Locust can revisit Nepal after 70 years
Swarms of locusts can travel long distances and destroy vegetation. (Image for Representation. Photo: Reuters)
KATHMANDU: The farmers of Nepal are horrified at the potential revisit of locust after 70 years.
Already hit by coronavirus-induced lockdown, the farmers are panicked at the idea that all damaging swarms of locust might enter Nepal from the western part of Nepal and spoil the crops.
The farmers fear that once entered in the fields in Nepal, the hoppers can spoil most of the crops leading many parts to food crisis and starvation.
Agro- experts also fear that the corona struck economy might collapse provided the locust swarms in India enter Nepal and launch their destruction campaign.
The locust has already damaged many parts of India including Delhi and Uttar Pradesh of India.
Nepal, as in coronavirus transmission case, is highly vulnerable from the locust induced crisis approaching via India.
Dr. Dilli Ram Sharma, former Director-General of the Department of Agriculture told Khabarhub that if entered in Nepal the locust might spoil the crops of many districts of Sudur Pashchim Province.
What is locust?
Locust is a short-horned grasshopper. Generally a solitary insect, under certain circumstances they change their behavior and habits and turn destructive.
Drought followed by the rapid vegetation growth makes plays catalyst in the production of serotonin in their brains, which changes their nature making them more gregarious and voracious. Generally, its hazard is high in deserts or desert-like plains.
The swarms of locusts can travel great distances and destroy the vegetation wherever they land. Each swarm consists of more than 40 million insects in it. Nepal had witnessed the locust attack 70 years before.
“There is nothing specific for the locusts to eat, wherever they see something green, they land there and spoil it all,” former DG Sharma, “some insects target specific plants or crops, but locusts spare nothing green.”
Locusts spoil the 35000 people’s food in 4 hrs
Sharma told Khabarhub that the swarms spoil the crops enough for the food of 35000 people in 3-4 hrs.
“These insects can travel about 150 km at a time and can finish the food of 35000 people in 3-4 hrs,” Sharma shared.
According to him, the insect has been in India for long.
“The locust induced terror is not new to the farmers in India, it was there long before,” he added “it was noticed in India in 1812 AD. It used to come up to UP, but, it has already come to Northpark of UP and is likely to enter Nepal soon.”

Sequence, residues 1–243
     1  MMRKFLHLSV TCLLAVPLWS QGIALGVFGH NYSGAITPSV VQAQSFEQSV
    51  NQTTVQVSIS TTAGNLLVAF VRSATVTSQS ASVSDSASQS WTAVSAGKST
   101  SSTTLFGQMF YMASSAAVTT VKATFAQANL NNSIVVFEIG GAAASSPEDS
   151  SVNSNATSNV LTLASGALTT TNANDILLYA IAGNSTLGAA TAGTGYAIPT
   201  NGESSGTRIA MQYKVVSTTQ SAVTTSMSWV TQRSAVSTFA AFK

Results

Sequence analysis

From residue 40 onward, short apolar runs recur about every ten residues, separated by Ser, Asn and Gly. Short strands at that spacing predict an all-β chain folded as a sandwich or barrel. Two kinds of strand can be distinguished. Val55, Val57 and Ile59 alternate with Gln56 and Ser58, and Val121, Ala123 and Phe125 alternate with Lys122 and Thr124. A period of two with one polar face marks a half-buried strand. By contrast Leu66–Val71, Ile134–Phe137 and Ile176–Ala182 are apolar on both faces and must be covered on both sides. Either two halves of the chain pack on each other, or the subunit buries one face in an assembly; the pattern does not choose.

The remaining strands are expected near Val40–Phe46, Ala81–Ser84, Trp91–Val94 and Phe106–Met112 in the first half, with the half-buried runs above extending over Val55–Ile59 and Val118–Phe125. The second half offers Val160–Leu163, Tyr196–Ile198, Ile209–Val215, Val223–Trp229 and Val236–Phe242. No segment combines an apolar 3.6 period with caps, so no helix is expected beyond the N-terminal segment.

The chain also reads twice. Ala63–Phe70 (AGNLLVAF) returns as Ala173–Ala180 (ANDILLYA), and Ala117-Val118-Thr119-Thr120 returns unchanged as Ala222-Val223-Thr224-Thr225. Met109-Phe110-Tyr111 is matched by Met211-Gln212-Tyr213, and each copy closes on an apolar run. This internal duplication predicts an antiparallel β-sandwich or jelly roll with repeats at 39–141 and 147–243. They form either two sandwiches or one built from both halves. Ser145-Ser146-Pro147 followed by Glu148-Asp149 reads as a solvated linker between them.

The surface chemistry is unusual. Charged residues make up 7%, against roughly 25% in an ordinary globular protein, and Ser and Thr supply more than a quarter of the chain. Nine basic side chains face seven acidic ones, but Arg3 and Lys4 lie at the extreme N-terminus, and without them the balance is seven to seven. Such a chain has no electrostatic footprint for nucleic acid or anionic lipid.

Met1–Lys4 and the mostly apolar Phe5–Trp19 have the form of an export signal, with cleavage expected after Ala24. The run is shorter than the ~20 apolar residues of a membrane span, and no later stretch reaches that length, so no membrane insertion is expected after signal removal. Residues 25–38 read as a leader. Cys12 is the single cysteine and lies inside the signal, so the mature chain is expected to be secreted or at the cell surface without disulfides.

He deems coordination with India a must as the locusts enter Nepal via India.
Technical team formed as preliminary preventive work
Ministry for Agriculture and Livestock Development has formed a technical team for the prevention of the hazards the locusts might cause.
Hari Bahadur KC, the spokesperson at the Ministry said that it has formed the technical team to study the probability of the locusts’ arrival and the measures to be adopted to mitigate the risks.
“We are discussing the risks and measures to be taken against the destructive insects,” spokesperson KC told Khabarhub, “the team will prepare the specific action plan we have to adopt in case they enter Nepal.”
The government should adopt specific plans to prevent the locusts from arriving in Nepal. A special task force should be formed instantly to start concrete preparation.
The persons like former DG Sharma can be a resource for the team as some people like him have got the experience of observing the damage and the measures taken to control them in many countries.
“There are some people who have studied about the locusts and the damage caused by them in countries like Cambodia and Lava,” he said, “I have also learned about the mitigating measures.”
He thinks it important for all levels of governments to make an emergency plan to counter these insects as plans help people prepare to face and tackle them.
“Time flies on wondering what to do and by that time the locusts finish all the crops,” he added, “these insects offer us no chance to wait and see; we have to act in a pro-active way.”
“Preparedness with the legal provisions, necessary tools, the methods, the manpower to be mobilized, the insecticides, etc. should be there in advance,” Sharma added talking about some activities to be done instantly, “ many countries use planes to spray insecticides; though we don’t have such means we can use the drones.”
The farmers should be alert
The farmers who spend most of their time in fields should observe the movement of the insects. They should keep on watching whether the new insects are there. In case something devastating appears, they should instantly inform the governments, local, province, or federal whichever possible.
Not only the farmers, the police in borders, now deployed for border security should coordinate in blowing alarm whistle against these inform; for it, they should inform the concerned authority instantly.
“The farmers, the customs, the authorities in the quarantine, etc can help by providing the instant information, they should forward the information to the local, province or federal government at the earliest,” Sharma added. “Although farmers alone can’t control the insects, they play a pivotal role in the network,” he said.
He feared that provided the locusts to enter Nepal during such a pandemic outbreak, the loss will be too heavy for the country like this.
Agreeing with Keith Cressman, the FAO’S senior locust expert he said that such an outbreak can have untold effects on food security, leaving smallholders even more vulnerable than before and jeopardizing the economic outlook for recovery in the affected countries,” he explains.